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Knife throwing, whether in a martial or sport application, involves the same basic principles of mechanics. The objective in each case is for the point to stick into the target with a sufficient amount of force. For this to be successful, accuracy, distance, number of rotations and placement of the body all must be taken into account.
If the thrower uses a spin technique, the knife will rotate during flight. This means that the thrower, assuming they are throwing the same way every time, must either choose a specific distance for each type of throw or, more practically, make slight adjustments to the placement of the knife in the hand or to the throwing movement. Another adjustment that can be made is the way the knife is held. If it is held at the blade when it is thrown, this makes it spin half, whereas if it is held by the handle, this makes a full spin. So if the thrower estimates he needs one and a half spins for the point to hit the target, he would hold the knife from the blade when it is thrown. If he feels he needs two full spins for it to hit the target point-first, then it would be held by the handle.
With the much more intricate no spin throwing techniques, the throwing motion is made as linear as possible, the knife's rotation being slowed down even more by an index finger on the spine during release. Thrown no spin, knives will make no revolution or only a quarter spin before reaching the target (point first), but the no spin throws are not as accurate or stable in flight as the spin techniques. The knife does not need to be sharp to stick, as long as it has a point, it will stick into your target.
The competition itself consists, in the most common form, of a series of straight throws aimed at a set of standard wooden targets or in some cases foam. Similar to an archery target, competition knife throwing targets have a bullseye surrounded by one or more rings. A sticking knife scores points. The thrower must be standing at least a set distance away from the target, with higher distances for more challenging events. IKTHOF keeps a ranking of its members based on their performance during these sponsored competitions. EuroThrowers maintains a register of the world records, and for each championship publishes the full scores together with the meetings' reports.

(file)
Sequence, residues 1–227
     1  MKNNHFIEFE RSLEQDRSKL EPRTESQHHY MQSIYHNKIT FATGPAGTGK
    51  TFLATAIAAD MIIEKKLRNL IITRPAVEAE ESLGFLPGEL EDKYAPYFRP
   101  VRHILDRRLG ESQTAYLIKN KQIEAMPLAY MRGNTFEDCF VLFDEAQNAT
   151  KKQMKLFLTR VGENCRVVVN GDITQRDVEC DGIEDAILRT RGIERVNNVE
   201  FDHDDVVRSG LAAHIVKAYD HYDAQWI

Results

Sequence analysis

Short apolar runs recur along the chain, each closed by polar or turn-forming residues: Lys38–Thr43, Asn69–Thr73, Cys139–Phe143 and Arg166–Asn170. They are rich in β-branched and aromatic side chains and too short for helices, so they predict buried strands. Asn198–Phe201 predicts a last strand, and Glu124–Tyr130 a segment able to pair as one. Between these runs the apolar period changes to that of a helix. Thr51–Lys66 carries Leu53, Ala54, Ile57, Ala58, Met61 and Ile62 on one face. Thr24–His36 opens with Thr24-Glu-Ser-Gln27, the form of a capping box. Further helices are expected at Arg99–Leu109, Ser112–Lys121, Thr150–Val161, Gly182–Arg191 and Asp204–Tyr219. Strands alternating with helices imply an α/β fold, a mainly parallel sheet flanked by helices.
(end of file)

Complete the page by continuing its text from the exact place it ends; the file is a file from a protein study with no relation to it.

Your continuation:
Although it was popularized in the US in the late 19th century by traveling acts such as the Barnum & Bailey Circus, the history of knife throwing dates much further back. The art of knife throwing was first used in martial arts or hunting applications. It has been incorporated into the martial disciplines of the Japanese as well as some African and Native American tribes. In such cases, throwing a weapon when fighting is generally thought of as a risk. If unsuccessful, it can leave the thrower without a weapon and arm his attacker. However, many warriors traditionally carried two or more weapons at the same time.
The opera Queen of Knives, which premiered in Portland, Oregon on May 7, 2010 tells the story of a brother and sister knife throwing act in the midst of the student protests in Birmingham in the early 1960s.
Notes and references
- "Physics of knife throwing". Retrieved 8 July 2013.
- "Knife throwing training". Retrieved 1 October 2014.
- "No spin knife throwing". Retrieved 28 October 2014.
- "List of knife throwing clubs in Europe". Retrieved 25 June 2018.
- "IKTHOF knife rankings (USA)". Retrieved 3 April 2018.
- "Eurothrowers world records". Retrieved 3 April 2018.
- "Eurothrowers championship reports (EU)". Retrieved 3 April 2018.
- McQuillen, James, Opera review: "Portland's Vagabond Opera's 'Queen of Knives' is one sharp show", The Oregonian, May 11, 2010
- Collins, Blackie. Knife Throwing-Sport – Survival – Defense. Knife World Publications, 1978. (ISBN 0-940362-03-1)
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